I was hoping to finish up with a few days of sunny roaming and snorkel adventures but the weather beat me to the punch. It has been raining—tropical flash-flood kind of raining—for days now and there is no end in sight. I have to say that in the moments that the rain stops, the air is 98% wet so that just adds to the experience. I decided to own up to my Seattle-self and head outside anyway. I took my rainbow umbrella and strapped on a backpack and headed out for some adventures of the not so sunny variety. In spots the water ran over my feet and not only was I combating the slip of my foot against the flip-flop, but my flip-flop against the ground. A double slip is slow going so I took a note from the locals and carried my flip-flops. My bare feet stopped the slipping action and with the newly found traction, I put some distance between myself and my room. I took a long walk and then met up with a friend and hopped a bus to a beach way out of town. We happened to find a bus full of people going there anyway so it was a super cheap ride, if a bit more of an olfactory adventure than I was seeking. I made like a dog and stuck my nose out a window and panted for fresh air.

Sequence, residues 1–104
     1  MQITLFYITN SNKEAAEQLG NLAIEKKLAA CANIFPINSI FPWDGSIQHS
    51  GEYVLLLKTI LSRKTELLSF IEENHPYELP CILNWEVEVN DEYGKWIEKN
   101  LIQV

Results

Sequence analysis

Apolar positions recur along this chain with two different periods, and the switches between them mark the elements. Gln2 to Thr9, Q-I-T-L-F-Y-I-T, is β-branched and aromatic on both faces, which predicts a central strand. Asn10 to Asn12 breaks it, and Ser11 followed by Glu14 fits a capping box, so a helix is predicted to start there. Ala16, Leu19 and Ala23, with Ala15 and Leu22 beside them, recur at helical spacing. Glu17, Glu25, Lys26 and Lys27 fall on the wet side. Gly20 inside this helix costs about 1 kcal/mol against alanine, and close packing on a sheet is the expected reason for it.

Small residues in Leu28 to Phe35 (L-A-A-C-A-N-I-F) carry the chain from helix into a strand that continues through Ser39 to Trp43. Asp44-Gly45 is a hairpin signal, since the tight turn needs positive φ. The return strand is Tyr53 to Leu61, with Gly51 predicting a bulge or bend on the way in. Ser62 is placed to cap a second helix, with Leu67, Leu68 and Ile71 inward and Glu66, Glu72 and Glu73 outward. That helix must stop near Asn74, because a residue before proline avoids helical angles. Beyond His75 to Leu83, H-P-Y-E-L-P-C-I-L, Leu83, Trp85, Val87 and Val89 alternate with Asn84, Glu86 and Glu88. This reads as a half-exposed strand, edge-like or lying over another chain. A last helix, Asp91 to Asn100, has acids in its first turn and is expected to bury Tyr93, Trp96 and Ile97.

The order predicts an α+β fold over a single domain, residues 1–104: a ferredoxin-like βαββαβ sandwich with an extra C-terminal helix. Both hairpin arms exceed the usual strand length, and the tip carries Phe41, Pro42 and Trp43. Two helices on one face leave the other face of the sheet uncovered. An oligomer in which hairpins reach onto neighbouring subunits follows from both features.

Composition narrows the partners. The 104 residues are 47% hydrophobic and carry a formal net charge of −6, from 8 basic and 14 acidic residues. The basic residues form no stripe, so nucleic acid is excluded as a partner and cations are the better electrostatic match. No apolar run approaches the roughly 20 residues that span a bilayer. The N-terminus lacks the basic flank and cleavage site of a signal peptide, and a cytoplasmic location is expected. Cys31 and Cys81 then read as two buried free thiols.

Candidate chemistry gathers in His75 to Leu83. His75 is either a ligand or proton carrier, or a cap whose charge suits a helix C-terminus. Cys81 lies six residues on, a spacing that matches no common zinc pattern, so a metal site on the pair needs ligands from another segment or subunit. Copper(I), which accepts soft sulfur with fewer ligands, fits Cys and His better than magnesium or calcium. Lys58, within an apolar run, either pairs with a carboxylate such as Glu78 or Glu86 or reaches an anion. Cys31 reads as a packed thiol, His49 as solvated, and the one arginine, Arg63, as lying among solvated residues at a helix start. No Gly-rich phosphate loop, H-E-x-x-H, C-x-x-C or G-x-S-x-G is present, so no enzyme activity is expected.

Umbrellas in hand, raining pounding down and sideways, we walked the length of a long beach, crossing a small river that was knee-high and about 20 feet wide that had broken through the beach to get to the ocean. The ocean water was pulled up the river and the river water was rushing out to the ocean at the same time—it was so strange to feel the fresh and the salt mixing in warmth and cold and the dark sand churning all made for an interesting crossing. We got down the rest of the beach and gave up on the umbrellas, we were soaked through head to toe but having a great time. We walked back and were about to head back to town to dry clothes when we spotted a beach bar through the rain. When it is raining that hard forms appear as blurs coming out of hazy clouds of water. Also, I had taken my glasses off which tends to add to forms appearing as blurs coming out of hazy clouds of water. So I was double blind but still “discovered” this little gem. We went into the bar, which was without walls but had one solid roof and comfortable chairs. Fans were whirring from the ceiling which helped to dry us out a bit. We ordered drinks and decided to throw down 200 Vatu (about $2) for a game of pool. We played, much to the chagrin of the locals who do know the rules, with no rules. We knew someone should be stripes and someone solids but the rest was all-in and after numerous failed tries I settled on turning the cue around so the thick end was my shooter and I could slide it into the white ball to make the solid go where I intended it to. It wasn’t fail-proof, but the game did eventually end. We sat for a few hours, watching the ocean and the rain and meeting other tourists and locals who wandered in. A group of 10 rowdy Aussie ladies in their late 50’s and early 60’s came in. They were clad in bikinis and short shorts regardless of body shapes and sizes, many with tattoos or sharply colored hair, or both. One was a chain smoker. They ordered drinks and pondered the weather. They had come because they heard that the owners of the bar will strap an inflatable seat behind a boat and zip across the ocean waves, giving the riders an experience or two in bouncing, jolting fun. We chatted with them and found out that they are the Worlds Masters Women’s Basketball Champions—even with their lack of height, a guard who can’t give up the ciggies, and age, they have conquered the court for the past 15 years together and won the big game this year. There was supposed to be a tournament in Samoa but it was cancelled and the ladies decided to go on holiday together anyway.